Powered by iReportSource In this episode, I will talk about preparing for an OSHA inspection and how to best handle the event should one occur. Here, my focus will be what to do up-front, and should a compliance safety and health officer (CSHO) arrive at your facility, what to expect and what you s
Publish Date: Dec 05, 2018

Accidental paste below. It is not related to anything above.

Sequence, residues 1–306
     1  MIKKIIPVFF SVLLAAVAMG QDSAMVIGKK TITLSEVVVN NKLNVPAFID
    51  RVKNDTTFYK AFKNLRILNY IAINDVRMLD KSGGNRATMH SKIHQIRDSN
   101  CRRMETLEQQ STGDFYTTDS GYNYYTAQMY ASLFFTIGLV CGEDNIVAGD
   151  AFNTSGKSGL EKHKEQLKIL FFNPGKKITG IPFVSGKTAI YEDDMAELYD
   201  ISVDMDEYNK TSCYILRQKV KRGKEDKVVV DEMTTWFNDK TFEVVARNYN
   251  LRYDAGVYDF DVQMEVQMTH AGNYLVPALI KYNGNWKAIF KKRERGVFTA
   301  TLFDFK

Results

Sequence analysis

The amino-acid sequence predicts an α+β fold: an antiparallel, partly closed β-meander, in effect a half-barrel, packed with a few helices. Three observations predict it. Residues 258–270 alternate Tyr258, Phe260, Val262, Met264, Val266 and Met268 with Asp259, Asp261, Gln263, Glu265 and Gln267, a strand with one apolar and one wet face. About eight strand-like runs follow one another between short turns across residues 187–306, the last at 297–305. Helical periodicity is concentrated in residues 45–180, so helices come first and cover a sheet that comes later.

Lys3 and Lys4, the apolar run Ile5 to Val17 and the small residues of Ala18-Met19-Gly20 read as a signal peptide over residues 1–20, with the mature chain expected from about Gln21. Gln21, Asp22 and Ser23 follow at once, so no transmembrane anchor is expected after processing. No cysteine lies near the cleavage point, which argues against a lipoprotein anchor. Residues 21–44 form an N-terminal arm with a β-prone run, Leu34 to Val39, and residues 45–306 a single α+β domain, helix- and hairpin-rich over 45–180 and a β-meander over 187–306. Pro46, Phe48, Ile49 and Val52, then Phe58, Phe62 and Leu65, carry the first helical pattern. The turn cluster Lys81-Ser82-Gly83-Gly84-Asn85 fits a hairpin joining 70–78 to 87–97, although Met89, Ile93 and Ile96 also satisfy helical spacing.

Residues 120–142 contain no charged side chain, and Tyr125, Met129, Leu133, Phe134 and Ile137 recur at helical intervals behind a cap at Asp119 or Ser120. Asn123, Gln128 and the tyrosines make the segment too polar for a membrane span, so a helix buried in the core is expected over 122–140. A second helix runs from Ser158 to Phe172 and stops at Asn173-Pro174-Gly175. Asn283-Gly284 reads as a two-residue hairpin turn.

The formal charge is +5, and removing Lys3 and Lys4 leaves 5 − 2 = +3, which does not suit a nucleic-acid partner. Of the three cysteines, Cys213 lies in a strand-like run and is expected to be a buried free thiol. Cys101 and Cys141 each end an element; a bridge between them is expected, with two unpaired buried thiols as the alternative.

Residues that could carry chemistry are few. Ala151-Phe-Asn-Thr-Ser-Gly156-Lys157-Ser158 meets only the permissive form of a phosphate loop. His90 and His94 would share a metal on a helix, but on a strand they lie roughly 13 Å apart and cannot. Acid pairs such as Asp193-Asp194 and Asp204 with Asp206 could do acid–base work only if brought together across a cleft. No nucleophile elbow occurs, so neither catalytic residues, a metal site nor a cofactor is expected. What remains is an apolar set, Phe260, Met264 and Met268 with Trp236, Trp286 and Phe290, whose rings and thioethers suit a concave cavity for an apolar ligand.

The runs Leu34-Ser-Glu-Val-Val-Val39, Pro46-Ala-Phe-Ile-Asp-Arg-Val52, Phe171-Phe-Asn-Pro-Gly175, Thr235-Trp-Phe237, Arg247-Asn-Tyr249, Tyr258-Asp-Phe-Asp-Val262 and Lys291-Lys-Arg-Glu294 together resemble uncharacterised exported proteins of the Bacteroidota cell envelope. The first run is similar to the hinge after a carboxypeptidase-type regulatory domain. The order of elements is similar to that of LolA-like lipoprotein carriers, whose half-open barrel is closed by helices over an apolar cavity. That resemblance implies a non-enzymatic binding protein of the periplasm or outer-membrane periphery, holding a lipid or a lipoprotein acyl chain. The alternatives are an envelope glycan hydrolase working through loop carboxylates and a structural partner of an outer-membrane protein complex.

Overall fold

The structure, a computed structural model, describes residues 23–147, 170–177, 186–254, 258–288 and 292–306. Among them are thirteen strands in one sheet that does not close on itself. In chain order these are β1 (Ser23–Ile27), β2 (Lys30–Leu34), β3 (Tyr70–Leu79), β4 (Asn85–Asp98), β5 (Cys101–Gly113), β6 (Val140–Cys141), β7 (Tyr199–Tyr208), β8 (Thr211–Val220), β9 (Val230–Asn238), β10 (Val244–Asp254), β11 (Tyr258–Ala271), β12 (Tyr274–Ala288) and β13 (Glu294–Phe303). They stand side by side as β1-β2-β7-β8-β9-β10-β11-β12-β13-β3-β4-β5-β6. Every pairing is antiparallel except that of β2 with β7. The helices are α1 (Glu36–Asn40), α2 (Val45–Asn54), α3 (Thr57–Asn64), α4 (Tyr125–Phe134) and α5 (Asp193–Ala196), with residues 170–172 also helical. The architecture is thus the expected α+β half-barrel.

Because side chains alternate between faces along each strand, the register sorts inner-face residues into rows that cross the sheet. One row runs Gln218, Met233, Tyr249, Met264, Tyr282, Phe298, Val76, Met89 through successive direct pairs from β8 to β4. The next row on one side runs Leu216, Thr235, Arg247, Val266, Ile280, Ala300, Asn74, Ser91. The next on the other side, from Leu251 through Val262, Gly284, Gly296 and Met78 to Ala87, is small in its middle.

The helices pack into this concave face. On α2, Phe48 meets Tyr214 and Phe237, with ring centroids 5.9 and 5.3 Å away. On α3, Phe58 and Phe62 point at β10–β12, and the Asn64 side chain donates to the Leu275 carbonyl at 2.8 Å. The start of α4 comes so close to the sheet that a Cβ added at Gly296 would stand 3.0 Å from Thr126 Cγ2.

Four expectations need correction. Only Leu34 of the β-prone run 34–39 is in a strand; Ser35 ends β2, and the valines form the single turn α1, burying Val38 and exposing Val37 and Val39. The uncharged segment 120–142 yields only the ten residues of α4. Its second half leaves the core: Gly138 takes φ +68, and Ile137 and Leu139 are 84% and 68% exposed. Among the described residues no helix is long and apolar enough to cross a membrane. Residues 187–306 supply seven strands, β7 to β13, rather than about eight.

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Powered by iReportSource In this episode, I will talk about preparing for an OSHA inspection and how to best handle the event should one occur. Here, my focus will be what to do up-front, and should a compliance safety and health officer (CSHO) arrive at your facility, what to expect and what you should have ready to make it go smoother. I will also talk briefly about how to handle any alleged violation and potential citations that come your way. Let’s first get some definitions out of the way: I already mentioned the CSHO (Compliance Safety and Health Officer): This is the federal OSHA employee who conducts inspections for the agency — a.k.a. “OSHA Inspector.” General Duty Clause (GDC): A section of the OSH Act — Section 5(a)(1) — that requires employers to protect employees from recognized, serious hazards, regardless of whether there is a specific standard addressing that hazard. OSHA often uses the GDC to cite employers for not protecting workers from ergonomic-type risks, workplace violence, and heat stress. OSHA: The Occupational Safety and Health Administration — the federal agency that sets and enforces worker safety and health laws. OSH Act: The Occupational Safety and Health Act of 1970, which is the enabling legislation for OSHA. Repeat violation: A hazardous/violative condition that is the same or similar to a previously cited condition in the past five years at either the same establishment or another establishment of the same company under federal OSHA jurisdiction. Serious violation: A violation where there is a substantial probability that death or serious physical harm could result, and the employer knew or should have known of the hazard. Willful violation: A violation that the employer intentionally and knowingly commits. Now let’s get into the arrival and inspection process and how to best handle these and ultimately what you can do to prepare your company better. Understand that OSHA has the right to inspect places of work. A question I get more often than I am comfortable with is whether or not you can require OSHA to come back with a warrant. Yes, employers may exercise their Constitutional rights to request a warrant; however, there is a relatively low threshold for OSHA to obtain such approval - so this is not advised in many cases and will not show your willingness to cooperate. Instead, use your right to an opening conference upon their arrival. Pro Tip: When the compliance officer arrives, avoid showing a negative attitude. Creating a wrong first impression could set up your facility for failure, so practice having a positive attitude towards the compliance officer. Being polite can put the inspector at ease and create a positive environment—you might even enjoy the inspection. Know the reasons that prompt most inspections. Inspections can be triggered in a variety of ways, such as reports of serious injuries, complaints, targeting/emphasis programs, and plain-view hazards. They are seldom at random. Note that some smaller workplaces in low-hazard industries may be exempt from certain types of inspections. See CPL 02-00-051-Enforcement exemptions and limitations under the Appropriations Act. Know the phases of an OSHA inspection. Inspections will consist of an opening conference, records review, walkthrough inspection, and closing conference. Citations will not be issued during the inspection; those come later from the Area Office director. Verify CSHO’s credentials. Always ask to see the CSHO credentials upon arrival. You can also contact the area office to verify their identity if needed. Get a clear understanding of the proposed scope of an inspection. CSHO’s should generally stick to that scope. This means, what do they want to see? A specific process, part of the facility, program review, etc. Which tells you exactly how to narrow the visit - where to take them and where NOT to take them! Have documents ready. The OSHA Compliance Officer will look for documentation including but not limited to injury and illness records, written safety plans, past inspections, training, exposures, and other safety-related documents. You should maintain, review, and keep documents in a place where you or an assigned supervisor can easily find and present them to the officer. Remember that OSHA could show up at any time. They'll usually arrive during business hours, but an inspection prompted by a severe workplace injury during third shift could mean a knock at the door in the middle of the night. Pro Tip: A note about self-audits or inspections; OSHA has never officially stated that they